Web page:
Google Translate is capable of translating over 75 different languages. It is incredibly user friendly and provides fast and accurate translations using different forms of media. I will most certainly be making this a recommendation for anyone looking to work with different languages.

EXTRA, EXTRA: Might I note, the Google Translate App on Android and Apple is equally awesome! Download it today- it’s free and even let’s you download an offline translation file for use when not using data!

Pocket: a great tool for web bookmarking

I recently made a post regarding Pinterest, a social bookmarking site which has really taken over the DIY, Food creation, Fashion lovers network, among many other fascinating topics. Pinterest is a great tool if you like social interaction along with getting absolutely consumed for at least an hour of your time. On the flip side, when I need to quickly access something on the web with no frills, just a quick and easy list of sites, videos and photos to revisit, I use the program Pocket.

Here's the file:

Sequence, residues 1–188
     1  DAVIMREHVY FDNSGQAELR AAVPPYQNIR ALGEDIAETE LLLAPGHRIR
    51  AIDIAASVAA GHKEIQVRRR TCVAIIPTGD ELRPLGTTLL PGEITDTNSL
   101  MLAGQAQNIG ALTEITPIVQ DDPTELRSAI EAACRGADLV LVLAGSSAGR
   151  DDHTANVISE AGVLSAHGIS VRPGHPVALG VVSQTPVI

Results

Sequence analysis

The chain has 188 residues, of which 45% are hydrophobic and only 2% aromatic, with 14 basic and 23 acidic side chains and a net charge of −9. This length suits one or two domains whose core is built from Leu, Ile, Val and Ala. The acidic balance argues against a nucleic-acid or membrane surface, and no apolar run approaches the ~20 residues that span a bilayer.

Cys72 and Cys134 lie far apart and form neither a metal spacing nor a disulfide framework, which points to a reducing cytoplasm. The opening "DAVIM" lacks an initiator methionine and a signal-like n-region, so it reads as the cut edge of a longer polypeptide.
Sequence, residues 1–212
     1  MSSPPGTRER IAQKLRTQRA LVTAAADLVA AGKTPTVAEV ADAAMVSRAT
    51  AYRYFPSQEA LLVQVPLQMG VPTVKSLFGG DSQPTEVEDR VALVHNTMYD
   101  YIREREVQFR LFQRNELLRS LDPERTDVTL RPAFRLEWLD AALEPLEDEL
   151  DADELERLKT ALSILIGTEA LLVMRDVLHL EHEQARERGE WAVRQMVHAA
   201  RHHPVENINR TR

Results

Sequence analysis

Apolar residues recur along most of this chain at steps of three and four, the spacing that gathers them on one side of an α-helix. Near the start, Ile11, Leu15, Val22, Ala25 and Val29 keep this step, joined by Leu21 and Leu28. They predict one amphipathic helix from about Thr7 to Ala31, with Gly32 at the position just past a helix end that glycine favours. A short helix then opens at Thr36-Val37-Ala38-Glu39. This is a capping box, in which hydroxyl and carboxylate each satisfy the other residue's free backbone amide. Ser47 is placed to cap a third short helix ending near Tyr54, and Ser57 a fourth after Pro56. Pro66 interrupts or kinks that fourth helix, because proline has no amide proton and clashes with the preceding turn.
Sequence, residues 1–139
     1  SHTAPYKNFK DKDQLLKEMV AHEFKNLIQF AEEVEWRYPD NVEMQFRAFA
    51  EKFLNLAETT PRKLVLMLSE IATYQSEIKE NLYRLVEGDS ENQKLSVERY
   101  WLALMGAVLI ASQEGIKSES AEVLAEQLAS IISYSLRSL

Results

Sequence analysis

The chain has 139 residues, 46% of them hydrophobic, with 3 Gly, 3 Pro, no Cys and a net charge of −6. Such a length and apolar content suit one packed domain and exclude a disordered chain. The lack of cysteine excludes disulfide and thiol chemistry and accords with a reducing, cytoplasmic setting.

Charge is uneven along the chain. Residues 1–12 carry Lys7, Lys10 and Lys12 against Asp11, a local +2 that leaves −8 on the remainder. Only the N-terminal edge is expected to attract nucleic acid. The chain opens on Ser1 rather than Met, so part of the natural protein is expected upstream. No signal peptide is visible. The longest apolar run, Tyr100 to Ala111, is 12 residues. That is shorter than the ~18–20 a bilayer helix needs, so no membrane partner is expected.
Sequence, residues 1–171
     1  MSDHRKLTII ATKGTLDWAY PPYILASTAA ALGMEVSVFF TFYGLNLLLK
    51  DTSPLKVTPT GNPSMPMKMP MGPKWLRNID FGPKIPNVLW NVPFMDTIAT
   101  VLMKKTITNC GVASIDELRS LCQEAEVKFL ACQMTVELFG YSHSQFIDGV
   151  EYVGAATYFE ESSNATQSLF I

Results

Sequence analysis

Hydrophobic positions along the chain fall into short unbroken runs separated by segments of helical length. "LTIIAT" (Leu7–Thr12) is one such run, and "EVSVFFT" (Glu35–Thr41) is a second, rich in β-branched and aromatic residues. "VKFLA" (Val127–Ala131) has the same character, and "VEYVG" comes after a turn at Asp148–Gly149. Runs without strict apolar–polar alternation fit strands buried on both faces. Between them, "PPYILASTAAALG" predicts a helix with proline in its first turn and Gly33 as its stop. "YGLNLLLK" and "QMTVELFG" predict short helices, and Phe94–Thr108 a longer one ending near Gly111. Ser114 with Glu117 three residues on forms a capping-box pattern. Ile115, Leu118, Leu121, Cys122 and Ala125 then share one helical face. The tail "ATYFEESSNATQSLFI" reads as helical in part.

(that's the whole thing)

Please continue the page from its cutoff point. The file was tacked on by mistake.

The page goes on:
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Pocket has a website as well as an App and a Chrome add on making it easy to find and save websites, photos, and videos for later use. Pocket is very simple to use and syncs over all your devices so no matter where you log in, all of your saved items are accessible. With just the click of a button, you can add the URL to an item and its automatically saved to your list. You can view your saves in tile view to make it more visually appealing or keep it at an organized list view. A key feature of Pocket is that once an item is saved, it becomes a condensed view, removing most of the ads focusing on the content itself. Should you need to view additional information, you can always click on the save and view the original source.